A multiple access wireless communication system 100 according to one embodiment is illustrated in FIG. 1. An access point or a base transceiver station 101 includes multiple antenna groups, one group including antennae 104 and 106, another group including antennae 108 and 110, and an additional group including antennae 112 and 114. Although only two antennae are shown for each antenna group, more or fewer antennae may be included in any of the antenna groups. The BTS 101 may also include a single antenna group, or have only a single antenna. An access terminal (AT) 116 is in communication with the antennae 112 and 114, where antennae 112 and 114 transmit information to the access terminal 116 over a forward link 120, and receive information from the access terminal 116 over a reverse link 118. Another access terminal 122 is in communication with antennae 106 and 108, where the antennae 106 and 108 transmit information to the access terminal 122 over a forward link 126 and receive information from the access terminal 122 over a reverse link 124. In an FDD system, each of the communication links 118, 120, 124 and 126 may use a different frequency for communications between access terminals and a particular antenna or antenna group, as well as different frequencies for forward and reverse links. For example, the forward link 120 may use a different frequency than that used by the reverse link 118, and still another frequency than that used by the forward link 126. The use of different frequencies, however, is not necessarily a requirement of the invention.

Each group of antennae and the area in which it is designed to communicate is often referred to as a sector. As shown in FIG. 1, each of the antenna groups is designed to communicate with access terminals in a different sector of the area covered by the BTS 101.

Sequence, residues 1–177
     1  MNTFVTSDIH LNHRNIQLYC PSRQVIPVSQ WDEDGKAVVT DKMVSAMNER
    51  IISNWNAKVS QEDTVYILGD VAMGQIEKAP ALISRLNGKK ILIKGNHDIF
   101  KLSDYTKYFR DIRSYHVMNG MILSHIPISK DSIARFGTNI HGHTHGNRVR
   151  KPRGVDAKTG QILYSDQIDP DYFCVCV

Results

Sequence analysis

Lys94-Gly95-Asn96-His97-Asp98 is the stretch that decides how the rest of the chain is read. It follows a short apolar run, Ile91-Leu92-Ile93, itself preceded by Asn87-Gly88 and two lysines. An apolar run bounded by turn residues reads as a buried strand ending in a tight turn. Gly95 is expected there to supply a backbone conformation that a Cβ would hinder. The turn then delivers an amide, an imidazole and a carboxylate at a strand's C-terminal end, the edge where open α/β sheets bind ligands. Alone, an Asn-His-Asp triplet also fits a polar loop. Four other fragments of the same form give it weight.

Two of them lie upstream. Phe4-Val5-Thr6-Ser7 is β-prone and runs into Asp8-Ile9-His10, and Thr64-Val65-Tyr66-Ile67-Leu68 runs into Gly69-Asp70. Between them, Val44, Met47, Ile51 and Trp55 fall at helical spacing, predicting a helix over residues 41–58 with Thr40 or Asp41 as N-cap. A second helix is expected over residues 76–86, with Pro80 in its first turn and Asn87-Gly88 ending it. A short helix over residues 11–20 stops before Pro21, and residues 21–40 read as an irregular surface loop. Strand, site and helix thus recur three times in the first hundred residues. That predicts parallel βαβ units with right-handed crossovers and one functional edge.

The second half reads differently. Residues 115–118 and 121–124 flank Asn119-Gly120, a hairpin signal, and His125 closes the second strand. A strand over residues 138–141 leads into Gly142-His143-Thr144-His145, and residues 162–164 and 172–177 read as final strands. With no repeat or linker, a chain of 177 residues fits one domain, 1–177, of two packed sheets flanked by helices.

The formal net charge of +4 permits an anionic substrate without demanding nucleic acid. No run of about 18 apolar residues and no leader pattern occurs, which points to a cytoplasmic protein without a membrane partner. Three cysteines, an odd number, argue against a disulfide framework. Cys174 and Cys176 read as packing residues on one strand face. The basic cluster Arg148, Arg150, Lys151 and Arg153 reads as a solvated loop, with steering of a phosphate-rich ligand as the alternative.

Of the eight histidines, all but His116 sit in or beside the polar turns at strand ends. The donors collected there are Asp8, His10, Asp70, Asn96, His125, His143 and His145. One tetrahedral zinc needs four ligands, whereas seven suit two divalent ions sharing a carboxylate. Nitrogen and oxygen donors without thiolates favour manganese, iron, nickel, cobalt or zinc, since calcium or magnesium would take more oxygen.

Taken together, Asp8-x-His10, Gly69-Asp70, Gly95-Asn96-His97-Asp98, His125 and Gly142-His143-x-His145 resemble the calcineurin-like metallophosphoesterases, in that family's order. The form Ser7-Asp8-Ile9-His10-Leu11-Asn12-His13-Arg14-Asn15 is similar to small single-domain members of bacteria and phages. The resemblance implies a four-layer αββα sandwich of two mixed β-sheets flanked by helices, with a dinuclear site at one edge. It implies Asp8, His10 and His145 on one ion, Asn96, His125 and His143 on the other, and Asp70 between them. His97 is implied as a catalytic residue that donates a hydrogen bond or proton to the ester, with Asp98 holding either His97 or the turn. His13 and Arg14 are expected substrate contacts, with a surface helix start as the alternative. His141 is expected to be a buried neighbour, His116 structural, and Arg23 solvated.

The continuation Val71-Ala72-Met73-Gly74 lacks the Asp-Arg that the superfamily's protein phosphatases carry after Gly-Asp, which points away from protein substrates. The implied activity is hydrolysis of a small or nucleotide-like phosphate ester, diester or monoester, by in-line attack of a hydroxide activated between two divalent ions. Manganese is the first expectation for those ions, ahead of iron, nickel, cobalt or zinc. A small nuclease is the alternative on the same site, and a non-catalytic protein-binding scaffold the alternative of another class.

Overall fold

In communications over the forward links 120 and 126, the transmitting antennae of the BTS 101 use beamforming in order to improve the signal-to-noise ratio of the forward links for the different access terminals 116 and 122. Additionally, beamforming reduces interference for access terminals in neighboring cells, as compared to forward link transmissions through a single antenna to all its access terminals. Beamforming is also not necessarily a requirement of the invention.

An access point or a base transceiver station may be a fixed station used for communicating with the terminals and may also be referred to as a Node B or by some other term. An access terminal may also be called a mobile unit, user equipment (UE), a wireless communication device, terminal, mobile terminal, or some other term.

FIG. 2 shows, in a block diagram form, selected components of an embodiment of a wireless MIMO communication system 200 that includes a transmitter system 210 of a base transceiver station and a receiver system 250 of an access terminal.